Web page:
Adjustments In-Depth

Mattebox features just eight image adjustment tools, but by combining them, you can create an almost unlimited range of looks and filters extremely quickly.

Color Balance

At first glance, Color Balance seems relatively straightforward. However, it’s designed to model the way a color filter works, so it has a huge impact on black & white conversion. This photo has been turned B&W with a blue color balance:


And here’s the same photo with a red color balance. The red filter darkens the sky dramatically:



Exposure is also more powerful that it may seem. Exposure is designed to model the way the highlight “shoulder” on color negative film protects the brightest areas. Here’s a crop from a photo:


Many apps allow you to boost exposure, but they often clip your highlights. In this example, the buildings in the distance are blown out to pure white:


In contrast, Mattebox protects your highlights, no matter how far you push the exposure:



As you decrease saturation, the Saturation adjustment gradually increases exposure as needed based on the Color Balance. For example, when the Color Balance is very blue, a normal black & white conversion would leave the photo quite dark. Mattebox is smart enough to compensate.

Brightness (Gamma)

The Brightness tool controls the gamma of the image, so it can be used to adjust both brightness and contrast. This becomes most apparent when you decrease Brightness while increasing Exposure—the result will be much higher contrast.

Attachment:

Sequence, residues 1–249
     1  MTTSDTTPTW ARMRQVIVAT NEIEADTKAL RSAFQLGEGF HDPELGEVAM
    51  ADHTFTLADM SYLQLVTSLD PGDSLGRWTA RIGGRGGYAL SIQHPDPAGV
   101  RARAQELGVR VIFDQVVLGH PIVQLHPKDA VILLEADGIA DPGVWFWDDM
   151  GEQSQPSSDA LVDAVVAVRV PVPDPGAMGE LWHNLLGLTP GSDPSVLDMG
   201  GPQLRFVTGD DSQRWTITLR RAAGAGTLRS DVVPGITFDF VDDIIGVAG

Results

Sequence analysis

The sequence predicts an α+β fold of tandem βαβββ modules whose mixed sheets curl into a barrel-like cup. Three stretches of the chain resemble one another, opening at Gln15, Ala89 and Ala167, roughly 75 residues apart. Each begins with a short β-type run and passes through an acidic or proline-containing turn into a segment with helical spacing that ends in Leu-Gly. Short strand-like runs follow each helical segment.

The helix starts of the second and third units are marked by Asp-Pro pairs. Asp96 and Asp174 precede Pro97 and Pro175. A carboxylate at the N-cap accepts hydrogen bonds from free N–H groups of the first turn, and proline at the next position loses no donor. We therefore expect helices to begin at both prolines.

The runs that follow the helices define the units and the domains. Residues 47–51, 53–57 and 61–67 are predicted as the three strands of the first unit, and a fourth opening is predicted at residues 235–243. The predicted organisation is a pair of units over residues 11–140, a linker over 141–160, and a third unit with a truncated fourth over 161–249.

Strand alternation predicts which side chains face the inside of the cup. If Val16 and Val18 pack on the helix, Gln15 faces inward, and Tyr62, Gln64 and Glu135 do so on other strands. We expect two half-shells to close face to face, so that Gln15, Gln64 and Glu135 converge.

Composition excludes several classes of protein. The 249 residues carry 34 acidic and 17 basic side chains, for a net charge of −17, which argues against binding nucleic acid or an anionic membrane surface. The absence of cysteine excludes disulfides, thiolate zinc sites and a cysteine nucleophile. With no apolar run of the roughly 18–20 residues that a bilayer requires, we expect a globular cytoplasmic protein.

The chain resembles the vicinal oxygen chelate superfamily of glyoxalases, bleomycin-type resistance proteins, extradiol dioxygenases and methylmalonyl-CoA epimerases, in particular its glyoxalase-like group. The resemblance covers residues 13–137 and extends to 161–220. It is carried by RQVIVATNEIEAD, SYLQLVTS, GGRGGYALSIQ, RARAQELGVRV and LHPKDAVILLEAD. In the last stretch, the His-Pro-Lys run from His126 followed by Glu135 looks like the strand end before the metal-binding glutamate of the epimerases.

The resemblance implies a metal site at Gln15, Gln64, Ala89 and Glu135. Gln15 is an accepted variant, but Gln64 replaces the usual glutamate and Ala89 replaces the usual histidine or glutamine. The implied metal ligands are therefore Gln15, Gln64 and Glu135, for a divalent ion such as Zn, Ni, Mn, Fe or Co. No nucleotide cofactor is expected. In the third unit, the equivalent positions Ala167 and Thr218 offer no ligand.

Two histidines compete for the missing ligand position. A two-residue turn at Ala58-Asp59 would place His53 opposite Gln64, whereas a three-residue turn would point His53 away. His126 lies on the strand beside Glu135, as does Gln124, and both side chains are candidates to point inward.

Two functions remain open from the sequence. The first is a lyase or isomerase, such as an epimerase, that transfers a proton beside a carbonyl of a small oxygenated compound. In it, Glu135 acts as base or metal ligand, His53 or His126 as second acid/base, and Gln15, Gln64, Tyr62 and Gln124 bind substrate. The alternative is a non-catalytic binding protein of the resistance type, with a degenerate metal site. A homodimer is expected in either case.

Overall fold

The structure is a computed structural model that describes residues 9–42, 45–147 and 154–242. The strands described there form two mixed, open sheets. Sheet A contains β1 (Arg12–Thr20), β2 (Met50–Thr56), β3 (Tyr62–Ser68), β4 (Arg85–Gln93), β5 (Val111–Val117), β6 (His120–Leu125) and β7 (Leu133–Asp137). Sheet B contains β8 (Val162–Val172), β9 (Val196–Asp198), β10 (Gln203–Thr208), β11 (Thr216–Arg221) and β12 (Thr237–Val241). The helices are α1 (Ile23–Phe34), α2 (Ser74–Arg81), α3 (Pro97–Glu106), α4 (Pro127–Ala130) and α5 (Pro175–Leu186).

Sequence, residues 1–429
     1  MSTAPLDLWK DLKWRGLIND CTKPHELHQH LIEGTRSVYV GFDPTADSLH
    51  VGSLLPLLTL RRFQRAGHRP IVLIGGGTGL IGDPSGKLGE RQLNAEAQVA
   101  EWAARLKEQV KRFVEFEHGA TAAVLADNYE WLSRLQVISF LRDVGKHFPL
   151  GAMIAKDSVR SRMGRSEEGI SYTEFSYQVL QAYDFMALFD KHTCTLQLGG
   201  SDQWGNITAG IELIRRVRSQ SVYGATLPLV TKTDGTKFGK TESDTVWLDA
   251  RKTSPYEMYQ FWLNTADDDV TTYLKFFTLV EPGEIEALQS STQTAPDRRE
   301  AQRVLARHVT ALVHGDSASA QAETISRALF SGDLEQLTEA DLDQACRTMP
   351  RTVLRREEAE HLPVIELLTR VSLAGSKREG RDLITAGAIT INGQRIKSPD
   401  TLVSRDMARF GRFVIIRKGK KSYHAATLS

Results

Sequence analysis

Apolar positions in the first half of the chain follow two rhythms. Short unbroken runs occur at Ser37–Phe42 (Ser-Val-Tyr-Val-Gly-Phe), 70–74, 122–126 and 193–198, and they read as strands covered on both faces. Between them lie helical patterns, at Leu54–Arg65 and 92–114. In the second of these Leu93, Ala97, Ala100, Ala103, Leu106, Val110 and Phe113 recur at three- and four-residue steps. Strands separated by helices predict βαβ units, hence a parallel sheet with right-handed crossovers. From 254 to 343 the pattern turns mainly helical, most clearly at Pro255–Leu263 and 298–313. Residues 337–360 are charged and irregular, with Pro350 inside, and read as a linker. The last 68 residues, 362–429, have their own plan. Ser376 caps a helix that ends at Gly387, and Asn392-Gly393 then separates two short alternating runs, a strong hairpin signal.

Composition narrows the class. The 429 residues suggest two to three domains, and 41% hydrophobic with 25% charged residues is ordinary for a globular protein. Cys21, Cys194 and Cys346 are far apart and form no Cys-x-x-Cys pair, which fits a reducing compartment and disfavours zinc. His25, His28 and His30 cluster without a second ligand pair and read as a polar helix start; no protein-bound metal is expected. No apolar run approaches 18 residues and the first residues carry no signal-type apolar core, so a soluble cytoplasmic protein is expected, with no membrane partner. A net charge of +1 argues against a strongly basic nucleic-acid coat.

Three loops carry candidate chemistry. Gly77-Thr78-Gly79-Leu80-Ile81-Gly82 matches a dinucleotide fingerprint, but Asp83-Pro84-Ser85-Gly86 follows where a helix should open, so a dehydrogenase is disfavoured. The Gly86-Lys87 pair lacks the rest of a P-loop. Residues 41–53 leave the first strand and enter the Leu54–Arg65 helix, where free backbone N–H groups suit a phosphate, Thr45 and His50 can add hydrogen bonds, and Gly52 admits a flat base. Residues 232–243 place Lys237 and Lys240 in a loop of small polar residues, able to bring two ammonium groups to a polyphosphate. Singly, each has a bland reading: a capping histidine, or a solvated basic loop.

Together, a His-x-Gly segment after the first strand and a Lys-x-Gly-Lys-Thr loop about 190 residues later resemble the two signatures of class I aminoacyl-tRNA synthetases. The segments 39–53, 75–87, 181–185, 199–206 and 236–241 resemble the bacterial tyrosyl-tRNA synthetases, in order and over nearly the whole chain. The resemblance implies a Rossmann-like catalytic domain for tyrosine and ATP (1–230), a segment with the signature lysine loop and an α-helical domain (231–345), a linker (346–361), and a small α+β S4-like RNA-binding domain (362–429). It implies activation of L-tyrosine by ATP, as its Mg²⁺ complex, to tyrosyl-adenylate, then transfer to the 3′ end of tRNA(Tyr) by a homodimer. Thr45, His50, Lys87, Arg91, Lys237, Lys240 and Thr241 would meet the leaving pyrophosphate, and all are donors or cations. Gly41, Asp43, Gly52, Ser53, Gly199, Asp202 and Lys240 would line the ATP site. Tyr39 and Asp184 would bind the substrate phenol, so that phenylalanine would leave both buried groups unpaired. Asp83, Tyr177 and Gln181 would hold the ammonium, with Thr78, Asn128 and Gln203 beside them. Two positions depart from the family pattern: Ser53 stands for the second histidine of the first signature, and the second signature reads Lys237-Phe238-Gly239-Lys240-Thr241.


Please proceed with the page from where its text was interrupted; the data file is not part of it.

Vignette is designed to accurately model real light falloff in a camera, so it happens early in the process. This means it’s heavily affected by the Color Balance, Exposure and Brightness adjustments. In addition, you can tint the color of the vignette to achieve a unique look or mimic certain lenses or films.


The Curves tool lets you completely alter the tonal range and color response of the image. Most often, it’s used to alter the contrast of the image or perform additional color correction. For more on this powerful tool, check out the Introduction to Curves.


Digital photos can sometimes appear too smooth and “plastic.” Like real film grain, Grain is applied at the lowest level, so virtually every other tool can affect its strength and appearance. Low contrast images will appear less grainy while higher contrast treatments will accentuate grain.


The Crop adjustment allows you to make simple crops from your original images, constrained to the most appealing aspect ratios.

Learn how simple and powerful Curves can be, in Introduction to Curves.